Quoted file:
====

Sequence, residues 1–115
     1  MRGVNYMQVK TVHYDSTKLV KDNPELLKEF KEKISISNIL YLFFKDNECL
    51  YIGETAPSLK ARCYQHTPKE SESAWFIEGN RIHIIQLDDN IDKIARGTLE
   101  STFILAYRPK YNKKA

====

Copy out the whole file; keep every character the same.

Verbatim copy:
Sequence, residues 1–115
     1  MRGVNYMQVK TVHYDSTKLV KDNPELLKEF KEKISISNIL YLFFKDNECL
    51  YIGETAPSLK ARCYQHTPKE SESAWFIEGN RIHIIQLDDN IDKIARGTLE
   101  STFILAYRPK YNKKA